Davis has overcome a lot to be a player that people regularly say "stinks." He's a major-league pitcher, one with a 12-year career and nearly 100 wins on what we'd kindly say are non-contenders. He does this with durability. He had thyroid cancer and only missed six starts. Pericarditis, an inflammation of the lining around the heart, is painful and dangerous, but controllable. Davis will head to the DL as he has treatment for the condition, but he should come back pretty quickly. The question will be how much cardio capability he'll lose, and with that the ability to go deep into games. With the Brewers falling behind in the division despite scoring the most runs, their pitching has been the major failure. Davis has been part of the problem, and while there's no way that the Brewers will push him aside because of a condition he can't control, they are going to have to hold his feet to the fire on the things he can or should be able to control, like getting hitters out.
Drugs in Sports: The Brian Cushing story has brought up the real battle in the sports and drugs story: the one between faith and science. Just like "Lost," we have a division between people that want to believe, and the people that deal in facts. There's that middle ground there where speculation lives, in trying to fill in the facts we don't have, and that's the real danger zone. Comparing the reaction to Brian Cushing and Manny Ramirez is pretty stark: while writers in Houston have come out swinging in Cushing's defense, LA writers did everything but light the torches for a witch hunt against Ramirez. This is as much about the storyline that baseball and football have set up around the topic as anything, but it's mostly about likeability. This isn't a new battle, however, as Bill Simmons pointed out yesterday. His link to this Sports Illustrated article from 1969 is amazing. I can't imagine what the reaction would be if the Cardinals' team doctor came out and said 'uppers, downers, painkillers, and everything else we could think of' were being given to current players. People will ignore that Hank Aaron and Bob Gibson made use of what was available to them and continue to moralize about the "steroid era." This is not a new problem. If only someone had listened to Dr. Robert Kerlan (yes, one of the founders of the Kerlan-Jobe clinic and a Dodgers team physician.) While Bud Selig will be remembered in large part for how he dealt with the PED problem, maybe we should take another long look at Bowie Kuhn.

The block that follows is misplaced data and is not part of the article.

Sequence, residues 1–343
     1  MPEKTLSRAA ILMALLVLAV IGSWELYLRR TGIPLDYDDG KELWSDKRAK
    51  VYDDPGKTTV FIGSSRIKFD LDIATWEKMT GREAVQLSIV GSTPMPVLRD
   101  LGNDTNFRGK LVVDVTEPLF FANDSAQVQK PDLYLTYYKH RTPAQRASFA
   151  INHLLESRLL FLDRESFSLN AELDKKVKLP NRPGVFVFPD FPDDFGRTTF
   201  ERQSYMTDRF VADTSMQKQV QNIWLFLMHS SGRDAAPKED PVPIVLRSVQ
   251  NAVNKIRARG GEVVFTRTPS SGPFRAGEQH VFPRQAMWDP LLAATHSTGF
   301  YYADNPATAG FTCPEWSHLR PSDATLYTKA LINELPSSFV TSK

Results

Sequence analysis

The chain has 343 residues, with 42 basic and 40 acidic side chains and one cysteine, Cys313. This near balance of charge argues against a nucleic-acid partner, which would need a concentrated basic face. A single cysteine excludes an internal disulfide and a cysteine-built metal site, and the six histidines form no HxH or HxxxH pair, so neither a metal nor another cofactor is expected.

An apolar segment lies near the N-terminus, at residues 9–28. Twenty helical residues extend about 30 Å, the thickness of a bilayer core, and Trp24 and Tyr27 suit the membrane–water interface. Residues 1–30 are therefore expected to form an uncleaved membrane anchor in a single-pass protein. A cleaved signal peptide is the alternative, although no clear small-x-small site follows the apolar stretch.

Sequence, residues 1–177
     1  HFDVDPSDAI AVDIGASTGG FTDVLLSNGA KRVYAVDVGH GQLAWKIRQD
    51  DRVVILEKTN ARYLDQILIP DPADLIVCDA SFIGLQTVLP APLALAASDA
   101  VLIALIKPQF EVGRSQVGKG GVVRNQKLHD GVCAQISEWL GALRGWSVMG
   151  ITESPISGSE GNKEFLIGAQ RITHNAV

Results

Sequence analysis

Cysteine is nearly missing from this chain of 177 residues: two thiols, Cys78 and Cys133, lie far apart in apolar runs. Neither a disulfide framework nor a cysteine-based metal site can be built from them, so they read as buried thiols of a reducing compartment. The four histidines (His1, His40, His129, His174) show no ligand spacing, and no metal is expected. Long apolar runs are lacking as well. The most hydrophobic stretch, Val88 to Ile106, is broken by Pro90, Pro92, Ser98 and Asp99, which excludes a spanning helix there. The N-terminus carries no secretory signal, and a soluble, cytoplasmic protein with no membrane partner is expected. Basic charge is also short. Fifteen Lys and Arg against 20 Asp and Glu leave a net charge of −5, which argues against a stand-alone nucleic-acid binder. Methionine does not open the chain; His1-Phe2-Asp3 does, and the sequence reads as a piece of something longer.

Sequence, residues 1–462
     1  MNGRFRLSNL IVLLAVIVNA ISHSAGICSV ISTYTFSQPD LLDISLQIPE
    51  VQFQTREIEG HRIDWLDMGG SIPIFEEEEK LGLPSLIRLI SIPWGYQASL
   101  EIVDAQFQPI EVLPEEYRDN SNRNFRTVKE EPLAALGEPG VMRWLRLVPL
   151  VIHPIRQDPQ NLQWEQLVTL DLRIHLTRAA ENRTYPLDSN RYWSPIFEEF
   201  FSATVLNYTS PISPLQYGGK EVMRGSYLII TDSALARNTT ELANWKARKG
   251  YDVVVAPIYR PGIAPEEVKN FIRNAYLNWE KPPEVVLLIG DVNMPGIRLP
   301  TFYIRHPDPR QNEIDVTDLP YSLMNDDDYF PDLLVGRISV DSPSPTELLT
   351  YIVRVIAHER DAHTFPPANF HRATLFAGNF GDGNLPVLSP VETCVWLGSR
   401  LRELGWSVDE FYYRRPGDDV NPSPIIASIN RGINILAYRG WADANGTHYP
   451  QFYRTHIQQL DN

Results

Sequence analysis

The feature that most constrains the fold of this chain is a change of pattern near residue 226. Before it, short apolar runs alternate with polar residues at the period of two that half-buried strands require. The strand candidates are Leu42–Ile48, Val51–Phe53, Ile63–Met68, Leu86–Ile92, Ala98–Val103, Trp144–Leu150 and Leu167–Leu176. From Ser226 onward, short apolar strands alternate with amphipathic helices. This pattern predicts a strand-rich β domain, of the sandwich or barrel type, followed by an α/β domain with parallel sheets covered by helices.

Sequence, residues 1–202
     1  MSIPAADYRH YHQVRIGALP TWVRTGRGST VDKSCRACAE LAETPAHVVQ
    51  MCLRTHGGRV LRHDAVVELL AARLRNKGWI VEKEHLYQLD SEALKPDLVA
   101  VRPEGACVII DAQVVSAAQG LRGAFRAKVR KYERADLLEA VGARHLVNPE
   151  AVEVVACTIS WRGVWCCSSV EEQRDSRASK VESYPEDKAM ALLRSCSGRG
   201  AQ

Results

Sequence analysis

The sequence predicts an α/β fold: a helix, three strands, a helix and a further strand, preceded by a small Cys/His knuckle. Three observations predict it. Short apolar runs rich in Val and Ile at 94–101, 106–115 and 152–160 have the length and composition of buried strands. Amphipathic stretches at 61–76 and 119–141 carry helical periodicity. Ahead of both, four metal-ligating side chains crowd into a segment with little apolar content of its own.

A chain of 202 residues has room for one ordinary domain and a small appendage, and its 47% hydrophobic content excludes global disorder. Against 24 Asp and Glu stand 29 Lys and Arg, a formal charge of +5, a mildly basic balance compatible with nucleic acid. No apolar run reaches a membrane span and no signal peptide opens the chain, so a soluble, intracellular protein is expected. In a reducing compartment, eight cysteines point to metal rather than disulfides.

Quick Cuts: Brilliant idea. This should be required in every league, from college on down. … Jimmy Rollins is expected to be activated for today's game. I don't anticipate any issues, though I don't expect him to run as much for first week or so. … Jacoby Ellsbury will start his rehab assignment and could be back by the end of the week. … Brian Cashman talked about Nick Johnson's wrist. If the cortisone shots he has had don't work, he'll need surgery, which could cost him much if not all of the season. … Pablo Sandoval got a day off with a sore foot, but he was back yesterday without any noticeable issue. … Dustin Pedroia was given a day off prior to the Yankees series to rest up a sore knee. No one seems to know what the root cause of the soreness is. … Aroldis Chapman had a bad outing and some are saying he's fatiguing a bit. I'm curious to see how he adjusts. … Solid return for Jeff Francis. Diamondbacks fans looking for some guidance on a best-case for Brandon Webb have to be hopeful. … Nice article from Joel Sherman, but at what point do we get back to the 'four-man plus' rotation? … David Hernandez was scratched from his start yesterday due to a sore shoulder. He'll be re-evaluated early this week. Watch to see if he makes his normal throw day. … The Orioles will send Brian Roberts to extended spring training in Florida this week. He still has hopes of a June return. … Coco Crisp is expected back in Oakland by the weekend, assuming his rehab goes as expected. … I'll be at the Clippers-Bulls game tonight in Columbus, Ohio, checking out some prospects with Craig Calcaterra. If you're in the area, e-mail and I'll tell you how to find us.